Standardization contributes to increased safety, availability, choice, and reliability of products and services for all people, including persons with disabilities. This is why standardization is an important tool to promote accessibility in our everyday lives.
A European standard (ES) is a document that sets out requirements for a specific item, material, component, system or service, or describes in detail a particular method or procedure in Europe.
European Standardization Bodies
European Standards are established by consensus and approved by European Standardization Organisations (ESOs). There are three ESOs:
- CEN – the European Committee for Standardization
- CENELEC – the European Committee for Electronic Standardization
- ETSI – European Telecommunications Standards Institute
They deal with different fields of activity and cooperate in areas of common interest.
Standardisation is the process through which standards are achieved. We intervene in this process to contribute to increased safety, availability, choice and reliability of products and services for all people, including persons with disabilities. We work in close cooperation with ANEC, the European consumer voice in standardisation and certification and disability organisations.
Mandate 420 on European accessibility requirements for public procurement in the built environment (Mandate 420 or M/420)
Design for all is “the design of products and environments to be usable by all people, to the greatest extent possible, without the need for adaptation or specialised design”.
The 7 principles are:
- Equitable use. The design is useful and marketable to people with diverse abilities.
- Flexibility in use. The design accommodates a wide range of individual preferences and abilities.
- Simple and intuitive use. Use of the design is easy to understand, regardless of the user’s experience, knowledge, language skills, or current concentration level.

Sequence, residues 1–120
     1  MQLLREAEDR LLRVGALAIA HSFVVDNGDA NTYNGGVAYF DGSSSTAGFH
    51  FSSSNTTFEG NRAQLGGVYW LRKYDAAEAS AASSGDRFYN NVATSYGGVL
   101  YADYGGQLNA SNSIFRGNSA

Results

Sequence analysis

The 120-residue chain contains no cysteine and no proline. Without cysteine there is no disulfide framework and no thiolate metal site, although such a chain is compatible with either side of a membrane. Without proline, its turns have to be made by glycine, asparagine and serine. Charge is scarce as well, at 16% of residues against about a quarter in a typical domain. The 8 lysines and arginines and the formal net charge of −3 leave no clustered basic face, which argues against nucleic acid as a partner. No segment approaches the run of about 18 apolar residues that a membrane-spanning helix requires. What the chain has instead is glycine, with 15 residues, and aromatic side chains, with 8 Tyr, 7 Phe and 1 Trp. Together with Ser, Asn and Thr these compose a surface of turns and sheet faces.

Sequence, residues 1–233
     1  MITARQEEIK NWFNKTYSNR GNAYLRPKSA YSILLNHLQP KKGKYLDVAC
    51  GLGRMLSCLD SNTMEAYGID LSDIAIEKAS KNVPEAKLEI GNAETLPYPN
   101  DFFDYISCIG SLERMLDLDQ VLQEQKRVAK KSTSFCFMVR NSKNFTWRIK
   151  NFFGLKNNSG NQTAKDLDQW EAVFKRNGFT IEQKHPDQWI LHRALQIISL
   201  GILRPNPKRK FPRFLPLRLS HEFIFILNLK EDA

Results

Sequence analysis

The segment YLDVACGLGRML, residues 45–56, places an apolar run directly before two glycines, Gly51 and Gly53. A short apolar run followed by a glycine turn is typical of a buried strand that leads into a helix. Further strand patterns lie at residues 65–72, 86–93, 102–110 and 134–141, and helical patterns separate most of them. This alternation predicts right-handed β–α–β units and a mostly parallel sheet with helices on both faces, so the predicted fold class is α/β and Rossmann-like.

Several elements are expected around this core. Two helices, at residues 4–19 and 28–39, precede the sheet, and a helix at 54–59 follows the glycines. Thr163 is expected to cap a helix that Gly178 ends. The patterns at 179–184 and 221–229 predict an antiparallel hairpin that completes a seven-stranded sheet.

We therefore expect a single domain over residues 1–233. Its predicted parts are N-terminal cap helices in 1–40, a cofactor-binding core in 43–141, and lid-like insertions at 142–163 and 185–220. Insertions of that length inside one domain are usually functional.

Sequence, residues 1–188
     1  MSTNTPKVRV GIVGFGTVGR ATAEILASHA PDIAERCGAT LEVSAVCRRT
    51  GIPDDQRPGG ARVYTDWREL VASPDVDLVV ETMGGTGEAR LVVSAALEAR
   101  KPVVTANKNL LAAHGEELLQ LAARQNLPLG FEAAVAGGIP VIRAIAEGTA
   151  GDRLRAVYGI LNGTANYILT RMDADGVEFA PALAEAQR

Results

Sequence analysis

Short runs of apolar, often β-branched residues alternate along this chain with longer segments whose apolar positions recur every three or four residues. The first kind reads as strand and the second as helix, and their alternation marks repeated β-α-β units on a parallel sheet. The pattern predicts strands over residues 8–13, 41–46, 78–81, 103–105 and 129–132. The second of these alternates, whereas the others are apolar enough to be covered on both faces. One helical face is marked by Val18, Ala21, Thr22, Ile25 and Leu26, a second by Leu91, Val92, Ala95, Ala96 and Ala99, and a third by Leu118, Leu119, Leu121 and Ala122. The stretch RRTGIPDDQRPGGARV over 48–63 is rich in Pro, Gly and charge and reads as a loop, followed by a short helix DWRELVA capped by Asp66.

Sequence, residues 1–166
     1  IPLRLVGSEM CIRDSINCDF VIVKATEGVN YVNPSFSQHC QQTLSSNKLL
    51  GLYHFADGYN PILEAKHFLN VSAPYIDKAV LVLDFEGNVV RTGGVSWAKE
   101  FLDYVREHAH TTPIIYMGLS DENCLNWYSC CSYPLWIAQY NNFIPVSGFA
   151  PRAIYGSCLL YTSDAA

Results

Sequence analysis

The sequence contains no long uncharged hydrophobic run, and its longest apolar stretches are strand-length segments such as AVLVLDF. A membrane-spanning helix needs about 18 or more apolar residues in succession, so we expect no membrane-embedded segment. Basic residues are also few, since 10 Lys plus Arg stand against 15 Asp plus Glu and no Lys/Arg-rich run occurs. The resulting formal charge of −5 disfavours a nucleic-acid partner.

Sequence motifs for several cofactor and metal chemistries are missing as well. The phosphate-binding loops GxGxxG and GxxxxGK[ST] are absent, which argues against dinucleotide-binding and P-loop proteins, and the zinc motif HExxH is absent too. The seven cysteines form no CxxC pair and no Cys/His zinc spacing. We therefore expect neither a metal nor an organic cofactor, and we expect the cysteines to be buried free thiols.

- Perceptible information. The design communicates necessary information effectively to the user, regardless of ambient conditions or the user’s sensory abilities.
- Tolerance for error. The design minimizes hazards and the adverse consequences of accidental or unintended actions.
- Low physical effort. The design can be used efficiently and comfortably and with a minimum of fatigue.
- Size and space for approach and use. Appropriate size and space is provided for approach, reach, manipulation, and use regardless of user’s body size, posture, or mobility.
Source: The Centre for Universal Design of the North Caroline State University
Standardisation Mandate 473 to include “Design for All” in relevant standardization initiatives (Mandate 473 or M/473)
Launched by the European Commission in 2010, it aims to address the inclusion of accessibility in the manufacturing process for manufactured goods and service provisions following design for all approach. This mandate is expected to review standards related to
- Built environment
- Information and communication technologies
- Healthcare and long term care
- Transport and packaging
- Household goods
- Sport and leisure
to find a way to assist manufacturers and service providers on how to take the needs of persons with disabilities into account when designing their products and services.
Existing European Standards and Mandates
- EN 301 549 on accessibility requirements for Information and Communication Technologies (ICT) products and services
- Standardisation Mandate 376 on European accessibility requirements for public procurement of products and services in the ICT domain (Mandate 376 or M/376)
Launched in 2005 by the European Commission thanks to the Public Procurement Directive, which included the references to accessibility, design for all and fight against discrimination on the basis of disability we advocated for. We were involved until the adoption of the final European Standard 301 509, intended to ensure that websites, software, hardware, and other digital devices are more accessible to persons with disabilities.